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Determine the minimum using the second derivative

  1. Sep 24, 2006 #1
    I was wondering if someone could show me where to go next in this problem.

    I need to determine the minimum length, width and height that a 1 cubic foot box can have. This box does not have a top. I know that I need to minimize the area, but I'm not sure if I'm going about this correctly. So far I have that A(l,w)=lw+2(1/l)+2(1/w). I made the substitution from three to two variables because V=lwh therefore h=1/lw.

    I'm assuming that I need to take the derivative of the area equation, and then determine the minimum using the second derivative. Is this the correct procedure?

    Thanks!
     
  2. jcsd
  3. Sep 24, 2006 #2

    0rthodontist

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    You need to take the derivative of the area equation and find where it's 0. Then you can check with the second derivative to ensure that that point is a minimum.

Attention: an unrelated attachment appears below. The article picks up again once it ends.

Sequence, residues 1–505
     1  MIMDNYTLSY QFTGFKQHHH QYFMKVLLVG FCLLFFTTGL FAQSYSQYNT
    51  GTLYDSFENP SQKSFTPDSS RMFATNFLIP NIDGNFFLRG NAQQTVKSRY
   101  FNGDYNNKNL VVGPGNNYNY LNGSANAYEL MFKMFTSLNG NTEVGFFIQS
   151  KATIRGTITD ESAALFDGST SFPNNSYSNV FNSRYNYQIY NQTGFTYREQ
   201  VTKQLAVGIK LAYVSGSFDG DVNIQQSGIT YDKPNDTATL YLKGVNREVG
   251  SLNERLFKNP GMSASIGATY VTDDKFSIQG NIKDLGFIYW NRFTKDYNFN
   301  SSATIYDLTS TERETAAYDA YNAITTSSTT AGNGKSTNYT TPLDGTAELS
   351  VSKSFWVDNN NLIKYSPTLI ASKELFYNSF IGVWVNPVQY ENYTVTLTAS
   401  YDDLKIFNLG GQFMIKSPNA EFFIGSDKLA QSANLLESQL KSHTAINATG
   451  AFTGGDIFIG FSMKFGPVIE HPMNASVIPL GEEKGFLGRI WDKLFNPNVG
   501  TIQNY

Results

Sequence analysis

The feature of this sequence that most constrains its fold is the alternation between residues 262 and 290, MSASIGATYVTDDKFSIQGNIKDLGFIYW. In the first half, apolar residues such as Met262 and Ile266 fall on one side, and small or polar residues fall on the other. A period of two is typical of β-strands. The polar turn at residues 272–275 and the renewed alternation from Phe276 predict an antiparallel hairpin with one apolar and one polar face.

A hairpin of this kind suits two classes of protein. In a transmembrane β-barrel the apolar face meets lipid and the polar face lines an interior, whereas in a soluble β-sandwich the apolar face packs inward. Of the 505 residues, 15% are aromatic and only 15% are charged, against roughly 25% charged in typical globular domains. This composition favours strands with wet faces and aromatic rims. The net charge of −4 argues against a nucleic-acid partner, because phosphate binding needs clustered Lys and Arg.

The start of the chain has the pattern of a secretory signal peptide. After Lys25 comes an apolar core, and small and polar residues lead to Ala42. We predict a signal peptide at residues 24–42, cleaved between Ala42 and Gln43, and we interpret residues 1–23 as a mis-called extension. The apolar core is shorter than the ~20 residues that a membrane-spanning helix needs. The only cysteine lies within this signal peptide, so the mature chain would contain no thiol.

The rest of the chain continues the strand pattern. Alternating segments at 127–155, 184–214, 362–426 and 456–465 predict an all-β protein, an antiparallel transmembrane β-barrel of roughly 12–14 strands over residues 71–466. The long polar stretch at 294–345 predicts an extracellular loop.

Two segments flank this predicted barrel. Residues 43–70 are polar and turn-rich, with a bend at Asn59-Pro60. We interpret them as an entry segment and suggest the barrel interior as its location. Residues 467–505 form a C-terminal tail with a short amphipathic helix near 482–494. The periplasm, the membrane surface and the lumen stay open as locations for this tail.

4. Sep 24, 2006 #3
    That's what I was thinking, however I don't know how to do this with two variables. I'm in Calc 3 but we haven't yet done partial derivatives. Everything that I have seen (including using Maple) needs to use partial derivatives to solve the problem. I've basically attempted to take the derivative using Maple, and got a partial derivative. I don't really know where to continue on to.
     
    Last edited: Sep 24, 2006
  5. Sep 24, 2006 #4

    0rthodontist

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    Oh, right, you do need partial derivatives, using the Hessian. On the other hand you could make the assumption l = w, which you could prove--start by saying that if l > w (without loss of generality) then there is a cheaper box with the same volume and height where l = w.
     
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